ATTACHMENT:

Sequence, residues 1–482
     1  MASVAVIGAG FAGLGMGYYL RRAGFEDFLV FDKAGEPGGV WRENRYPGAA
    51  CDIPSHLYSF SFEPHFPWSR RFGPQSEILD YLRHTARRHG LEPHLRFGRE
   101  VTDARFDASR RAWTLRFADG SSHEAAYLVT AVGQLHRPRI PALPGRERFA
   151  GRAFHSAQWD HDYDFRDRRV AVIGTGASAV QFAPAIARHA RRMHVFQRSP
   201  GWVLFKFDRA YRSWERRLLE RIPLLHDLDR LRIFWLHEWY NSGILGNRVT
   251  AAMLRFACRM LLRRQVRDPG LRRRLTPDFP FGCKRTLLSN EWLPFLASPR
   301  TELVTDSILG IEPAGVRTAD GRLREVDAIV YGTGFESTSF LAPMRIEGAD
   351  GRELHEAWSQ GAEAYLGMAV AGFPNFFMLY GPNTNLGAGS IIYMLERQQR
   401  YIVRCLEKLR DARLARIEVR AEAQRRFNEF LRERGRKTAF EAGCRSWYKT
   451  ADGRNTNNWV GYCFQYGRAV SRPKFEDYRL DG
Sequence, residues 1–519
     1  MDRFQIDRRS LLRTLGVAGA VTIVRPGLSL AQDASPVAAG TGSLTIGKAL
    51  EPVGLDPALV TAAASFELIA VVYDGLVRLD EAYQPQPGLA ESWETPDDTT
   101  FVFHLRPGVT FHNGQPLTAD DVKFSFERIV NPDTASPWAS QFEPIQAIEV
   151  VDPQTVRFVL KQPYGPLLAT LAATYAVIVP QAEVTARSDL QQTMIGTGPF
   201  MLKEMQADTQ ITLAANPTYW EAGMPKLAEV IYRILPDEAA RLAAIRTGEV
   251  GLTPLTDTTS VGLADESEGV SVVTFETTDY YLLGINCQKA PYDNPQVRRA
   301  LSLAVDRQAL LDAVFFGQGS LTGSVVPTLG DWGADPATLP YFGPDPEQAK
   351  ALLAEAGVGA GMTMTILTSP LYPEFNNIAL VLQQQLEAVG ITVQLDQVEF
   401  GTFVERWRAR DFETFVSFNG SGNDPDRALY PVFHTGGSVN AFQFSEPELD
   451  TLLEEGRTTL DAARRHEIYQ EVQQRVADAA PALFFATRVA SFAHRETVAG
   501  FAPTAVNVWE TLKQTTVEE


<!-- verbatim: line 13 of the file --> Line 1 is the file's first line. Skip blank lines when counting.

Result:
     1  MDRFQIDRRS LLRTLGVAGA VTIVRPGLSL AQDASPVAAG TGSLTIGKAL